The sample was selected through a process in multiple stages with three phases. In the first one, 14 out of 37 municipalities were selected from the semiarid region of Alagoas, with probabilities proportional to their respective populations. In the second phase, 4 census sectors for each municipality were selected; and in the third and last phase, a starting point in each sector was selected, from which 24 consecutive households were visited. All the children between 12 and 60 months of age were eligible for the study.

Data collection

Data collection occurred in the period ranging from January to March, 2007. The field team was formed by 2 supervisors, 10 interviewers and 2 anthropometrists operationally distributed in 2 groups. All the team was properly trained and the questionnaires for data collection (demographic, socioeconomic, anthropometric, and pertaining to health) tested in a pilot study, in which there was a standardization of the anthropometrists.

Anthropometric measures were done according to recommendations of the Ministry of Health.18 Mothers were weighted with light clothes and no shoes on. A portable electronic scale with capacity for 180 kg and 100 g accuracy was used (Marte PP 180®; São Paulo, Brazil). For measuring height of the children younger than 24 months, a wooden stadiometer equipped with inextensible 100 cm tape measure subdivided in mm was used. The height of the mothers and children older than 24 months was obtained through a vertical wooden stadiometer, with a platform, equipped with an inextensible 2m tape measure with 1mm sensitivity.

Research design

It is a household survey cross-sectional study. The outcome variables were stunting (children with height for age < -2 SD) and overweight (children with weight for height > 2SD). The anthropometric standard used was the one adopted by the World Health Organization,19 pertaining to the software Anthro.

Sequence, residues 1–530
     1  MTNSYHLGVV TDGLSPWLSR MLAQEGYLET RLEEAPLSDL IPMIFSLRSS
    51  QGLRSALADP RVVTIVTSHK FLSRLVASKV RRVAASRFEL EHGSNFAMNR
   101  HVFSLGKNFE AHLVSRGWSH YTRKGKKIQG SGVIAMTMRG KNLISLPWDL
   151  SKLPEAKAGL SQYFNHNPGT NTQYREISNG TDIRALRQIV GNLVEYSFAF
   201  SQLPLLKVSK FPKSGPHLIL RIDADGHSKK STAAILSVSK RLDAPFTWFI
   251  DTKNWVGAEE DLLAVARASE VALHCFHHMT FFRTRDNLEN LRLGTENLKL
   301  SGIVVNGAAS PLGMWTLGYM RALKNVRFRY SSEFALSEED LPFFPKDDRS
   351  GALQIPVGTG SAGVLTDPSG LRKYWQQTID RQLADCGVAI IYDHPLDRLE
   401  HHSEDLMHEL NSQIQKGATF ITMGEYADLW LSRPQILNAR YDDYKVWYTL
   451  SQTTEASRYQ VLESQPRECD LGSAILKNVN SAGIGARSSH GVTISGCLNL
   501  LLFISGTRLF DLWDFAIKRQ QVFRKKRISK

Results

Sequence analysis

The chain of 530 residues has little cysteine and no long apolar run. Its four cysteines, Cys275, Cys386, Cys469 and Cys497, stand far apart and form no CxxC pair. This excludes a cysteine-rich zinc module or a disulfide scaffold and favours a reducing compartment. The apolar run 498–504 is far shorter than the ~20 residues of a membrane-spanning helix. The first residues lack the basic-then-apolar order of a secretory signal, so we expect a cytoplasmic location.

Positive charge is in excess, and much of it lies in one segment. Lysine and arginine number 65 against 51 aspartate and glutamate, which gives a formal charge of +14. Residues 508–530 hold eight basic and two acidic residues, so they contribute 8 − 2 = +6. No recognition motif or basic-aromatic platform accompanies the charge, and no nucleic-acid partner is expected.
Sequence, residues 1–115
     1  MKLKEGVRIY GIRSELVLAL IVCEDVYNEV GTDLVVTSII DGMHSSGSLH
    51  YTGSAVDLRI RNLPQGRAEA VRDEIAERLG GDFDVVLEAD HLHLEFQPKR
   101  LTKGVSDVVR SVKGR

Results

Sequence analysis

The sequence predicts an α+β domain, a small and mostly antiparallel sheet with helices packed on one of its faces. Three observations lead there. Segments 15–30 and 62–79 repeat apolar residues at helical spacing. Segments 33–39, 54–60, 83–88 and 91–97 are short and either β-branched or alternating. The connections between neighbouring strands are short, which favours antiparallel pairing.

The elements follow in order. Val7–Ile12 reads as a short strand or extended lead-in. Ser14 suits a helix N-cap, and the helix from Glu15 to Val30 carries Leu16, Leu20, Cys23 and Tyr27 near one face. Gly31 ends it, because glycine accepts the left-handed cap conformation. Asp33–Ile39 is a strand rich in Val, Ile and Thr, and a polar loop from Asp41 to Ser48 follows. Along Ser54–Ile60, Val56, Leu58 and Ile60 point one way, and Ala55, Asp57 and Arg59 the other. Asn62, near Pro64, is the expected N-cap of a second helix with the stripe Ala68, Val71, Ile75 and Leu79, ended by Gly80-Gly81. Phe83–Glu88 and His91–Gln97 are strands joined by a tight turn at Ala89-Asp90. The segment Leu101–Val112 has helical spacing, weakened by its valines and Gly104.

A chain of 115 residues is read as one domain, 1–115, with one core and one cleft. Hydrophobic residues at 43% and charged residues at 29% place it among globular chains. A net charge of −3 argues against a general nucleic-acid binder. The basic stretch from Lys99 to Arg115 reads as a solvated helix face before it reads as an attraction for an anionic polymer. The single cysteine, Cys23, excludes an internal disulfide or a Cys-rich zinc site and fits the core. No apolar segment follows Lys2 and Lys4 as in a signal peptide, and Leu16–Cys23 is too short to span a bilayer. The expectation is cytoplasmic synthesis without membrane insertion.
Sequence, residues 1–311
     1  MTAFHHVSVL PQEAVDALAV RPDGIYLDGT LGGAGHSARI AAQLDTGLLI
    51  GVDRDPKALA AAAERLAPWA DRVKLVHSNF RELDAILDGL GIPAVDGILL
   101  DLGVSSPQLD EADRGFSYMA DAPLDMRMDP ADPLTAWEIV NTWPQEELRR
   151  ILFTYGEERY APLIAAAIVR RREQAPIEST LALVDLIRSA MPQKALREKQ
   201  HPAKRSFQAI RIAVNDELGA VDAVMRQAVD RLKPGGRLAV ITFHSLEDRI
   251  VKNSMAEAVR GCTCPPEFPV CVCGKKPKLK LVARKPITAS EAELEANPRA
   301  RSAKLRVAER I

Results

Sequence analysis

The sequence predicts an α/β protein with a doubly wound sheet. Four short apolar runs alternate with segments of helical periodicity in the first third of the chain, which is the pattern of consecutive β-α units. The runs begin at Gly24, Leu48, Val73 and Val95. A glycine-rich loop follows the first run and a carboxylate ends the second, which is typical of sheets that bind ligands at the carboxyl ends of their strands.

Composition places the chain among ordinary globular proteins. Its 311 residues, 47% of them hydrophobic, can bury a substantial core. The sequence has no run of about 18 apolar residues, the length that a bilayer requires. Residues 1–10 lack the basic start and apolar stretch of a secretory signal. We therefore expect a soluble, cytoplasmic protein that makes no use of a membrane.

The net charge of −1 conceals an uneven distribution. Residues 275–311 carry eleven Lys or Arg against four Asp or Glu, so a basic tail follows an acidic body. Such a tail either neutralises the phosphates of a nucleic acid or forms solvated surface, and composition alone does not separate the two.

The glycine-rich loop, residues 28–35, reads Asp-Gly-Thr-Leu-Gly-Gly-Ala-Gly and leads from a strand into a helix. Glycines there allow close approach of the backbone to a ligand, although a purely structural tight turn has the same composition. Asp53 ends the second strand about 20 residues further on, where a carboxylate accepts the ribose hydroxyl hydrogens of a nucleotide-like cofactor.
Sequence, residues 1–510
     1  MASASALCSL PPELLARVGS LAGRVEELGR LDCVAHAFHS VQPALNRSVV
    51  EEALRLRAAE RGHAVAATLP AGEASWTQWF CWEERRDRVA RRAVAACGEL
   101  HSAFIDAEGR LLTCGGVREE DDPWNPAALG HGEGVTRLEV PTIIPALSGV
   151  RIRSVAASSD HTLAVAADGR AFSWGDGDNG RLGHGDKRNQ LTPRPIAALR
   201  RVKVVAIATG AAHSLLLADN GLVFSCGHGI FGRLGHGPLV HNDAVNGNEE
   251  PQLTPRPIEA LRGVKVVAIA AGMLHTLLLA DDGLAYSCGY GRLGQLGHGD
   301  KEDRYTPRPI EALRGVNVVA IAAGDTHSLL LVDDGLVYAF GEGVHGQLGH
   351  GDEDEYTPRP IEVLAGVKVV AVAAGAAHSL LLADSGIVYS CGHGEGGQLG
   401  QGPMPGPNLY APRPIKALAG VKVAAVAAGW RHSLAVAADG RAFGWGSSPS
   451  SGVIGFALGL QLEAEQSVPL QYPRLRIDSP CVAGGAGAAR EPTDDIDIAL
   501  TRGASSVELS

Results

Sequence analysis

Explanatory variables were exposition to breastfeeding (breastfed, not breastfed) and the length of this exposition (in months).

Mothers were asked if the child had been breastfed and, if the answer was yes, it was asked about the age he or she stopped being breastfed. Besides those who were never breastfed, children whose breastfeeding period was inferior to 30 days were considered not breasfed.20

Aiming at identifying other factors associated to the outcomes of interest according to categories of analysis, other variables were investigated.

Variables referring to maternal characteristics were: age (in years), marital condition (living with partner or not), instruction degree (in years of study). Body Mass Index (BMI, kg/m2), and smoking during pregnancy (yes, no). Variables referring to the child were: age, sex, and birth weight.

Maternal BMI was classified according to the WHO recommendation:21 thinness (< 18.5 kg/m2), normal (18.5 to 24.9 kg/m2), overweight (25 to 29.9 kg/m2) and obesity (> 30 kg/m2). The infants who weighted 2500 g or less were considered low weight and those who weighted 4000 g or more at birth were considered overweight.22

Socioeconomic level was estimated based on the following variables: economic classification of the Associação Brasileira de Empresas (Brazilian Enterprises Association - ABEP),22 origin and water treatment (origin: public network, mineral water, others; treatment: hypochlorite, filter, others or not treated); type of sanitary drainage system (sewage network, open sink or no system); household situation (urban or rural, according to the classification of the census sector defined by the IBGE (Brazilian Institute of Geography and Statistics)).

The ABEP23 economic classification criterion establishes a score according to the head of the family's instruction degree and possession of certain domestic items, dividing the population in 5 classes: A (25 to 34 points), B (17 to 24 points), C (11 to 16 points), D (6 to 10 points) and E (0 to 5 points).

The child's age and birth weight were obtained through observing the child's chart. The other variables were obtained through the questionnaires applied to the mothers.

Statistic analysis

Data were typed in independent double entry in a formulary created in Epi-info, version 3.3.2, and analyzed with the aid of the SPSS, version 14.0.